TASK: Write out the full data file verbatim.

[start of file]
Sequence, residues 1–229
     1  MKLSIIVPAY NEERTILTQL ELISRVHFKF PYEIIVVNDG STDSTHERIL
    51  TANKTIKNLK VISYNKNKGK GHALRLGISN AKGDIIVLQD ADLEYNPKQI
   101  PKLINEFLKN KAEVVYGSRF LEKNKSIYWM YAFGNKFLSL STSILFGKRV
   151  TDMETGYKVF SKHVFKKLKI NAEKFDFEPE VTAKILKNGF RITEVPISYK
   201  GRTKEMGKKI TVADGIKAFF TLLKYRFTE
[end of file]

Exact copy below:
Sequence, residues 1–229
     1  MKLSIIVPAY NEERTILTQL ELISRVHFKF PYEIIVVNDG STDSTHERIL
    51  TANKTIKNLK VISYNKNKGK GHALRLGISN AKGDIIVLQD ADLEYNPKQI
   101  PKLINEFLKN KAEVVYGSRF LEKNKSIYWM YAFGNKFLSL STSILFGKRV
   151  TDMETGYKVF SKHVFKKLKI NAEKFDFEPE VTAKILKNGF RITEVPISYK
   201  GRTKEMGKKI TVADGIKAFF TLLKYRFTE